Tusla not fit for purpose, says solicitor, amid claims Galway foster home rapes 'not an isolated incident'

A solicitor for two of the three girls raped while living at a foster home in Galway between 2003 and 2007 says it is "not an isolated incident".

Tusla not fit for purpose, says solicitor, amid claims Galway foster home rapes 'not an isolated incident'

A solicitor for two of the three girls raped while living at a foster home in Galway between 2003 and 2007 says it is "not an isolated incident".

Ronan Hynes made the comments in the wake of a damning report which identified “systemic flaws in management” in how the cases of the abuse of three girls while in foster care were handled by the HSE and Tusla.

The report lists a catalogue of failures, which saw three children suffer “grave and heinous sexual abuse” while in the care of the State.

Mr Hynes told RTÉ's News at One that the contents of the report "call into serious question the ability of the State agencies to properly exercise their statutory functions which are, of course, to improve outcomes for children".

When asked if Tusla is fit for purpose, Mr Hynes said that anyone reading the report "would struggle to find in the affirmative". He also said that, while the standard of foster care is very high in Ireland, "this is not an isolated incident".

"I think the time has now come, and the report findings certainly warrant, that there is an independent audit and review within Tusla carried out by an independent expert to review its systems, its structures, its level of resources to ensure that that organisation is fit for purpose to carry out its statutory functions which are to protect the welfare and safety of children in this country," he said.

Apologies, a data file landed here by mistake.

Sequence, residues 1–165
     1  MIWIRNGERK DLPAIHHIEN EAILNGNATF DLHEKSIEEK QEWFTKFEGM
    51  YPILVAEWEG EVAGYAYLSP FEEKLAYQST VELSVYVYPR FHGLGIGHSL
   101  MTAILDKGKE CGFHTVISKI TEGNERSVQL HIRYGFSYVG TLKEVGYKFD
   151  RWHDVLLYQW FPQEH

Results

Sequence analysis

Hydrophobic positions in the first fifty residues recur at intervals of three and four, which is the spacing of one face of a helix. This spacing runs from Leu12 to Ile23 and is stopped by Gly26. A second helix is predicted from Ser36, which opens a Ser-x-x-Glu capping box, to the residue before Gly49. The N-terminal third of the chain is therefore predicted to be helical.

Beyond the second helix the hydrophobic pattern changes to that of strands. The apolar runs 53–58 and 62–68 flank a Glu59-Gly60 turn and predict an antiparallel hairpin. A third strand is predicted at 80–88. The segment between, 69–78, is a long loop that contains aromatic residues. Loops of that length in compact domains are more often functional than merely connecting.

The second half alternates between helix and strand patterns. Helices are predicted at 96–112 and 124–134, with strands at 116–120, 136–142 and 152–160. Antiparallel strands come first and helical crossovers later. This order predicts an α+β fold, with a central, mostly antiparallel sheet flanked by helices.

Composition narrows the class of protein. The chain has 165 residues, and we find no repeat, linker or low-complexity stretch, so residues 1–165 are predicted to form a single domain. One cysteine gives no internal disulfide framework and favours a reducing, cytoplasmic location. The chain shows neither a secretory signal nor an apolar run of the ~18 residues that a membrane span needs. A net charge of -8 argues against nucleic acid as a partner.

Speaking in Cork, Taoiseach Leo Varadkar said that, while he hasn't seen the unpublished report, the Government will act once it is published.

Mr Varadkar said: “We have made some very significant strides when it comes to child protection in recent years - in particular, the fact that reporting of child abuse is now mandatory, and that was only introduced in the last two years. But there is definitely more to be done."

Details of the case were first revealed by RTÉ Investigates in April 2016.

A girl placed in the foster home for monthly respite care told her biological mother that she had been sexually abused by a then-teenage son of the foster family.

She also reported that a second girl who had been living with the foster family for more than a decade had also been raped by the same son. The girl’s allegation was assessed by the HSE to be “credible”, but at the time the second girl did not disclose any abuse.

Gardaí sent a file to the DPP but no prosecution followed. The second girl and another foster child, a boy, continued to live with the family.

However, in 2011, the second girl came forward and said she too had been raped, prompting a new garda probe which identified a third victim, another female foster child, who also was regularly raped.

Last year, Keith Burke was found guilty and jailed for the rape and buggery of the three foster girls between 2003 and 2007 when all three were aged under 10.

Tusla, which was established in 2014, said it accepts the findings and recommendations of the report and is acting on them.

It acknowledged that the decisions made in 2007 and 2011 "were not robust enough to keep the children safe" but said that "this report reflects a certain point in time, prior to the establishment of Tusla which has resulted in an improvement in standards, staffing and services".

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